Ruth Mace is in the Department of Anthropology, University College London, Gower Street, London WC1E 6BT, UK e-mail: email@example.com
Source: Nature Vol 406 20 July 2000
New Research Shows Just How Much We Hate Winners
New research by economists at the Universities of Warwick and Oxford has provided surprising information on just how much people hate a winner. It also shows what lengths human beings are prepared to go to damage a winner out of a sense of envy or fairness.
The researchers, Professor Andrew Oswald of the University of Warwick and Dr Daniel Zizzo of Oxford, designed a new kind of experiment, played with real cash, where subjects could anonymously "burn" away other people’s money - but only at the cost of giving up some of their own money. Despite this cost to themselves, and contrary to economists’ usual assumptions, 62% of those tested chose to destroy part of other test subjects’ cash. In the experiment, half of all the laboratory earnings were deliberately destroyed by fellow subjects. Everyone in the laboratory sessions was anonymous and hidden. The subjects had only a computer terminal, into which they played, and in which they could see how much other people were winning.
In each session, the test subjects began with a betting stage which gave them some money (about £10 but sometimes much more) creating an unequal wealth distribution. In the final stage, the "burning" stage, subjects could if they wished eliminate ("burn away") other people’s money - but only by giving up some of their own cash winnings. At the most expensive level, they had to give up 25 pence to destroy one full pound owned by someone else. It was made clear to the subjects that burning others would reduce the cash of the person choosing to burn.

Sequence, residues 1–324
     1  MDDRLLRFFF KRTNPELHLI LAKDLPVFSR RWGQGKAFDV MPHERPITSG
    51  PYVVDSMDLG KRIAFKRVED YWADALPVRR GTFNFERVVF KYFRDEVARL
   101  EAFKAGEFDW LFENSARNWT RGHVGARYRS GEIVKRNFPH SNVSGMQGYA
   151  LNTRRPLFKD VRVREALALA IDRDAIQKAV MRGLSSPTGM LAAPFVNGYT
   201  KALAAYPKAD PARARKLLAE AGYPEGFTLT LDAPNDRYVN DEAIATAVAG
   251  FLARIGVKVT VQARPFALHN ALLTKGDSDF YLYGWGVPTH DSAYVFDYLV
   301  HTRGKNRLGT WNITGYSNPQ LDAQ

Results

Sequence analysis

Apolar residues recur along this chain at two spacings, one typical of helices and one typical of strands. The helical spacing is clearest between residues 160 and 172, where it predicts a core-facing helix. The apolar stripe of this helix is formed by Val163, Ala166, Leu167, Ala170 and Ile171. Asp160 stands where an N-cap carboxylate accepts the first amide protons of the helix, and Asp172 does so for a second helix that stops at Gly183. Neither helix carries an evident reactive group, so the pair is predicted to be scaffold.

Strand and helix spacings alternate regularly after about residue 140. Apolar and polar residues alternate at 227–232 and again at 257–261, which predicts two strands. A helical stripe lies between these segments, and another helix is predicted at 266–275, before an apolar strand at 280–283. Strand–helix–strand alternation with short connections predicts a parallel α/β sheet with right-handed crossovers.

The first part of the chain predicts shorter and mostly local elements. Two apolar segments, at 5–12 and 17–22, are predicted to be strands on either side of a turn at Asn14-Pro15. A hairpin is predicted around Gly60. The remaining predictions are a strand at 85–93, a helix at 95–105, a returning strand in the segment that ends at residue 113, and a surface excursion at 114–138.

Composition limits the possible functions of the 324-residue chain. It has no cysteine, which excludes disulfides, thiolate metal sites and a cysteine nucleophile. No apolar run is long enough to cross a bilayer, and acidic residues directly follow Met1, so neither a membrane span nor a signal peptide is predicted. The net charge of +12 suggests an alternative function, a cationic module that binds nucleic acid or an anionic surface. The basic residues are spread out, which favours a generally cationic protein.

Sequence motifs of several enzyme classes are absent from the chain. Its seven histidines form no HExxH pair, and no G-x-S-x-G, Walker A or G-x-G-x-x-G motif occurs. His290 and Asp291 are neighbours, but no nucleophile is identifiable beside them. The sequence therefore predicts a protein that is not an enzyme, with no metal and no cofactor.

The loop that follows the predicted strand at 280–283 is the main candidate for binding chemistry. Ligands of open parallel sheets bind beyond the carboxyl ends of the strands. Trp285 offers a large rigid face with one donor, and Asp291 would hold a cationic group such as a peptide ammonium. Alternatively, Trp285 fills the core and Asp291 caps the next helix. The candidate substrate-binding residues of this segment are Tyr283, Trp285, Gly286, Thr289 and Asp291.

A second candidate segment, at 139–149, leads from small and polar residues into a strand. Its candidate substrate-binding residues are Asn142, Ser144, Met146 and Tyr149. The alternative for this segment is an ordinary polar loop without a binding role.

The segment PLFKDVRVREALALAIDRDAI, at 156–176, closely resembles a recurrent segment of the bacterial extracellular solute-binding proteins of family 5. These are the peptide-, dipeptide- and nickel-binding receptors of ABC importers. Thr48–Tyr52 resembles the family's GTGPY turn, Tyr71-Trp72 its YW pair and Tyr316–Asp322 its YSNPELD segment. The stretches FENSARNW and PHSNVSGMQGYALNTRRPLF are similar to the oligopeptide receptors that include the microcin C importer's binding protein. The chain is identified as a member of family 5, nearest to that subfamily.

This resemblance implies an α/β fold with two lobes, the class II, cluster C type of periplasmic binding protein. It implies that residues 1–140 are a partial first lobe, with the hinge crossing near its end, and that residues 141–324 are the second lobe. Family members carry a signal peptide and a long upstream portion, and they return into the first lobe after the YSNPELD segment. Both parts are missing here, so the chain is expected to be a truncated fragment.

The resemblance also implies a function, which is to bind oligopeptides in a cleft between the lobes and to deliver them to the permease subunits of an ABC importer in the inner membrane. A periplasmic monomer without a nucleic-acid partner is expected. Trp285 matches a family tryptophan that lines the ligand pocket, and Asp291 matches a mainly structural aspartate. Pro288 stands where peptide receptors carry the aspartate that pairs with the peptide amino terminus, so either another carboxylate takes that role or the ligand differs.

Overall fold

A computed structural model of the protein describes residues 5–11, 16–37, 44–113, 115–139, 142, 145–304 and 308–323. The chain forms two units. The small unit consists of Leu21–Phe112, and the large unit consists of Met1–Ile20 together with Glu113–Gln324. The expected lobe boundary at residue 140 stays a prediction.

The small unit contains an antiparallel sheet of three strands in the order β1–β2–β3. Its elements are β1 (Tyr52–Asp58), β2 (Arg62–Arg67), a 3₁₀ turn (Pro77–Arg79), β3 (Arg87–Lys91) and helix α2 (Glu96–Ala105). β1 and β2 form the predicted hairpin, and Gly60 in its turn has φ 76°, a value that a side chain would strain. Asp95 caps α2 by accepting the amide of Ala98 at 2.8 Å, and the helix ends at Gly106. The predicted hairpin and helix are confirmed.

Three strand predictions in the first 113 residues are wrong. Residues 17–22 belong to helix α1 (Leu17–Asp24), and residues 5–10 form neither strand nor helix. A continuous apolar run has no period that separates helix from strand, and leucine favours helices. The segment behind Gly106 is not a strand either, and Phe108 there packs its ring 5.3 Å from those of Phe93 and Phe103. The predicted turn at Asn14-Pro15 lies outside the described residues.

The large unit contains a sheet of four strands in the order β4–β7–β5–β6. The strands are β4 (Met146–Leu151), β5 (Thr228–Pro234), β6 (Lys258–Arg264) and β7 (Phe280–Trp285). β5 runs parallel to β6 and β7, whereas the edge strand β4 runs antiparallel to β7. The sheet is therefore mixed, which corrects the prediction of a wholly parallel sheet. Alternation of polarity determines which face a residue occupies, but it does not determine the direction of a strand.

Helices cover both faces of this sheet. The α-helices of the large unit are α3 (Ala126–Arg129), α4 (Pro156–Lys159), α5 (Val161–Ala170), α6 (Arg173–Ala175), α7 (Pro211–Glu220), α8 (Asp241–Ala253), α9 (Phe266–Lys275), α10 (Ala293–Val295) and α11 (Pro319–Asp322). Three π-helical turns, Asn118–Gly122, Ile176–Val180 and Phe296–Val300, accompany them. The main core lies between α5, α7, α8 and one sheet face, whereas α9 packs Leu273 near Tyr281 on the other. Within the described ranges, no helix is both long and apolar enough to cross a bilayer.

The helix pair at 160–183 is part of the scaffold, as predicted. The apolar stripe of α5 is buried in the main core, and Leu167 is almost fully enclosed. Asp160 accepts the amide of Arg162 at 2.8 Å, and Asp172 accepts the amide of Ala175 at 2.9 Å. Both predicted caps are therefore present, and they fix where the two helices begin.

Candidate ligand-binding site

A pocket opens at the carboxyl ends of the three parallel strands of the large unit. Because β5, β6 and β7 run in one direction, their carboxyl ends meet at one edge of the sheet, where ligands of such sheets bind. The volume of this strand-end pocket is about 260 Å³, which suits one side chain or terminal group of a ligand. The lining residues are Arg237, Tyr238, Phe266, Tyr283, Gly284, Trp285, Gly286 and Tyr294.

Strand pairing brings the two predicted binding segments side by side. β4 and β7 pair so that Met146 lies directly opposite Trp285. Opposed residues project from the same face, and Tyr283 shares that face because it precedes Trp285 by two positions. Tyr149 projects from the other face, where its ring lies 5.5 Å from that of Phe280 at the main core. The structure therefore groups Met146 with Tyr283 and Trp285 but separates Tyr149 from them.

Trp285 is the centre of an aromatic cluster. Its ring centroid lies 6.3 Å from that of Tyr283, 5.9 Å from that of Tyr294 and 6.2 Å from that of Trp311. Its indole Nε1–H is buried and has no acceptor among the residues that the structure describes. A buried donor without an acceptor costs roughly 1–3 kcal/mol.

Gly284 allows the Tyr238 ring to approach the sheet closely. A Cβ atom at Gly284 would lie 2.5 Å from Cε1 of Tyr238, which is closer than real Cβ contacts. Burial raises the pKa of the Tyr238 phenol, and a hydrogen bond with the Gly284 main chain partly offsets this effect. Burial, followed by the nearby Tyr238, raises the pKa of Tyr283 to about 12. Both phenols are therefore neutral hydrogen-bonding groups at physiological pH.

The economists expected little burning, and especially that the laboratory subjects would stop destroying other people’s money once the price reached 0.25, but in fact they found that even this high price did little to stop people annihilating other people’s wealth. Most individuals still chose to hurt others, despite the large cost to their own pocket.
The researchers found that those given who gained the most additional money at the betting stage, burned poor and rich alike, however disadvantaged laboratory subjects mainly targeted those subjects that they saw getting what they perceived as undeserved financial windfalls. The authors concluded that "our experiment measures the dark side of human nature".
The full paper is in pdf format at this link: www.warwick.ac.uk/fac/soc/Economics/oswald/paris.pdf
Professor Andrew Oswald, Professor of Economics